DIANA LARSEN: Absolutely. Absolutely. As we were creating the model, in response to some kind of questions and experiences we were having. That came to the fore early on. It’s like this thing has to be positive. It has to be every zone that you might work in, every way that your team might be fluently expressing Agile is fine, if that’s the best fit for your business. That’s where the disconnect comes in. But as long as you’re doing the Agile practices, the Agile proficiencies, the philosophies that are the best fit to deliver your product. Whether that’s an internal product or an external product, whatever it might be. Then that’s fine. I have another colleague who talks about there ain’t no naughty or nice, right? It’s fine. There are all good places to be if they’re a good fit.
And so we made sure that that came across in the model, that kind of positivity. If it’s not where you want to be, then promote improvement. Improve yourself into where you can be.
LESLIE MORSE: And do that in a inclusive way.
DIANA LARSEN: And do that in a inclusive way. And when we were talking and originally talking about inclusion as putting together the model, we wanted to make sure that we were not preferencing one methodology or framework over others, because we saw value in all of them if being used in the right way, in the right place. And finding that best fit is the most important thing. I’ve seen such successful Scrum adoptions, I’ve seen successful Kanban adoptions. I’ve seen successful adoptions where people just went right back to the manifesto and built their own. There’s a lot of ways to make this work. And again, the trick is finding the one that fits best for you.
LESLIE MORSE: Absolutely. Absolutely. So when you talk to people about the model and bringing people together, kind of before their Agile days, going through that journey. Obviously the model itself, all models are theoretical and all models are right and wrong in some ways, right? It all kind of depends. How do you help that people translate and start really thinking about how to adopt it in their world?
DIANA LARSEN: Right, right. Well, originally Jim and I came up with the model. We tested it a lot with a lot of people, and kept revising it until we got it to a place where we were showing it to people and they were saying, Yes.”.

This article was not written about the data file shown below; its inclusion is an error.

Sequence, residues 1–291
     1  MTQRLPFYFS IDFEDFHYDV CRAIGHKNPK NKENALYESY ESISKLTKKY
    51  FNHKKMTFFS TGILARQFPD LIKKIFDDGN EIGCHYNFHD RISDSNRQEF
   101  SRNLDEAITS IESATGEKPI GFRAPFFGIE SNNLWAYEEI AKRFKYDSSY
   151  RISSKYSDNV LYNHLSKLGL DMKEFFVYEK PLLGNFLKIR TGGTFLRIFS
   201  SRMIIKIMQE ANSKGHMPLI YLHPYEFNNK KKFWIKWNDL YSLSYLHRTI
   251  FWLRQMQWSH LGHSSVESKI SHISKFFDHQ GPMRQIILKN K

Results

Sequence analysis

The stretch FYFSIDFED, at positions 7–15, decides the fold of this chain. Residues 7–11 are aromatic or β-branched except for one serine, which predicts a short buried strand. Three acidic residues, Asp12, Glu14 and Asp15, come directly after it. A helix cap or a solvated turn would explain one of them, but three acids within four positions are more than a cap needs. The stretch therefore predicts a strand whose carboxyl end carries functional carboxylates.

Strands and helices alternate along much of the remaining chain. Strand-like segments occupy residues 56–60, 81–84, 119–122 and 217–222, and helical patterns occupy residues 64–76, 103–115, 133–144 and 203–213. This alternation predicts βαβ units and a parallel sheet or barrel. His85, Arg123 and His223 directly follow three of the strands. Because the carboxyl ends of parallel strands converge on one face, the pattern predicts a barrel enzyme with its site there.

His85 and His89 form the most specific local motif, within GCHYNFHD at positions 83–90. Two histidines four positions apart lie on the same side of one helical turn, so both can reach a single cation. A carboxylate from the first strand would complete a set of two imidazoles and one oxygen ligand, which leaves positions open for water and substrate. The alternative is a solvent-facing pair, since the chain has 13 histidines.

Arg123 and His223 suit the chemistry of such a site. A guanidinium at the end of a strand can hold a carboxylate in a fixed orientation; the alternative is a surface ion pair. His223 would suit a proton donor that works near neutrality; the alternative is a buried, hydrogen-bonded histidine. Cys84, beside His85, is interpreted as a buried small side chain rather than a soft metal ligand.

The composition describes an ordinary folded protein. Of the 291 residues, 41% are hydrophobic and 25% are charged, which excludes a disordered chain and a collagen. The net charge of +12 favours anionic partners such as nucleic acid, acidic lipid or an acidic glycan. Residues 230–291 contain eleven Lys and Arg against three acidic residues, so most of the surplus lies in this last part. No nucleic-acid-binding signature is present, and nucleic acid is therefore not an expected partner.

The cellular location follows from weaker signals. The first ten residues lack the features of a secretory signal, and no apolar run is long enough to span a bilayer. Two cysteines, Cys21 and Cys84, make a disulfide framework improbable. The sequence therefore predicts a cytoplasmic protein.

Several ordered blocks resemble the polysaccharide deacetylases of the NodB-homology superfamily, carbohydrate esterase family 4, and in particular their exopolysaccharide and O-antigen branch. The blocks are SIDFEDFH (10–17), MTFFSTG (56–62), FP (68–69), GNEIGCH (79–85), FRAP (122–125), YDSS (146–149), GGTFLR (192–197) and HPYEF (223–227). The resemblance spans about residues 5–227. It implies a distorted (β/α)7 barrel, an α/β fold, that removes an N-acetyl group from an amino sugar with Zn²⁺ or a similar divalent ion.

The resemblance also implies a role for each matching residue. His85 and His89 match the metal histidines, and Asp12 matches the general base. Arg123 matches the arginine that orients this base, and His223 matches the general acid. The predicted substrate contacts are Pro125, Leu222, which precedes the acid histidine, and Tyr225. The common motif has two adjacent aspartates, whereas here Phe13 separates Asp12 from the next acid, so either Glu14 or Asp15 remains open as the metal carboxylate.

LESLIE MORSE: This was right. This.
DIANA LARSEN: That matches my experience. That’s what we were looking for. Do you actually also see these things in the world?
LESLIE MORSE: Oh, and so that’s different because does it match my experience is a very different framing than is this what you would expect to see, which is more forward looking.
DIANA LARSEN: Right.
LESLIE MORSE: Because you’re validating it on what people have actually done. That’s completely different.
DIANA LARSEN: Right? And so that’s what we kept doing. And kept adjusting it until we got it to the place where people saying, “Yeah, I’ve seen teams like that and I’ve seen them do well in their organization.” And so then we had the model, and then we wrote an article to kind of explicate the model a little bit. And then soon after that, we started getting requests. We thought we were done when we did that, but then we started getting requests for, well, so how do we implement this in our organization?
And we started hearing stories of places where people had just grabbed it because we put it out there freely. And people had grabbed it and were working on their own implementations using it. And until at one point, I had a client and they said, “Well, it’s a model of team behavior.” And they said, “I’m a vice president. I can’t be sitting there with my teams every single day looking at their behavior. So how do I know what’s going on in my teams?” And at that point we thought, oh. Well, We need to create some kind of diagnostic so that people can tell how’s things going in their team. And so we did that, and we were using it. And then pretty soon people are saying, “Well, how do I get to use that diagnostic tool? How do I get to use it?”